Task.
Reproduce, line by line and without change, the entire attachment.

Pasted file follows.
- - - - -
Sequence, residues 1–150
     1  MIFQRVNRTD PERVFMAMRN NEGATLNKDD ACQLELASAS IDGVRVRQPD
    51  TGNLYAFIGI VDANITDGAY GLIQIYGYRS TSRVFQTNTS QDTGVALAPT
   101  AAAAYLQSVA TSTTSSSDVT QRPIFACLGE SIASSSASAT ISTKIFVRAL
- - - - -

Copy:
Sequence, residues 1–150
     1  MIFQRVNRTD PERVFMAMRN NEGATLNKDD ACQLELASAS IDGVRVRQPD
    51  TGNLYAFIGI VDANITDGAY GLIQIYGYRS TSRVFQTNTS QDTGVALAPT
   101  AAAAYLQSVA TSTTSSSDVT QRPIFACLGE SIASSSASAT ISTKIFVRAL